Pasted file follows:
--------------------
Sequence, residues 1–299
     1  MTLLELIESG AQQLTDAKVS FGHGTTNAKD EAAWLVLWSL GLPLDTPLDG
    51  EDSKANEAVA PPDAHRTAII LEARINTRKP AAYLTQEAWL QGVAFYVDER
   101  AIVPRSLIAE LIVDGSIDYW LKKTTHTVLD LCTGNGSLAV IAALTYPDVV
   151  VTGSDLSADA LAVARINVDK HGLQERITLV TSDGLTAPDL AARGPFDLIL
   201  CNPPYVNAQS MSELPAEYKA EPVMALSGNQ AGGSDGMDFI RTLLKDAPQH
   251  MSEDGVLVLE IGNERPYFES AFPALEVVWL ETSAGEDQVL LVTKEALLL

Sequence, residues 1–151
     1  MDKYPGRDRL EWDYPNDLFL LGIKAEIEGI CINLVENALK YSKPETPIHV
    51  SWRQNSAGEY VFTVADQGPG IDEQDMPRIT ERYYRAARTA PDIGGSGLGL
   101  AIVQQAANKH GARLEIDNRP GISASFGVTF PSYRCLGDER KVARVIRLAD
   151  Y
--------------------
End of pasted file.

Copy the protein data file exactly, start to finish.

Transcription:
Sequence, residues 1–299
     1  MTLLELIESG AQQLTDAKVS FGHGTTNAKD EAAWLVLWSL GLPLDTPLDG
    51  EDSKANEAVA PPDAHRTAII LEARINTRKP AAYLTQEAWL QGVAFYVDER
   101  AIVPRSLIAE LIVDGSIDYW LKKTTHTVLD LCTGNGSLAV IAALTYPDVV
   151  VTGSDLSADA LAVARINVDK HGLQERITLV TSDGLTAPDL AARGPFDLIL
   201  CNPPYVNAQS MSELPAEYKA EPVMALSGNQ AGGSDGMDFI RTLLKDAPQH
   251  MSEDGVLVLE IGNERPYFES AFPALEVVWL ETSAGEDQVL LVTKEALLL

Sequence, residues 1–151
     1  MDKYPGRDRL EWDYPNDLFL LGIKAEIEGI CINLVENALK YSKPETPIHV
    51  SWRQNSAGEY VFTVADQGPG IDEQDMPRIT ERYYRAARTA PDIGGSGLGL
   101  AIVQQAANKH GARLEIDNRP GISASFGVTF PSYRCLGDER KVARVIRLAD
   151  Y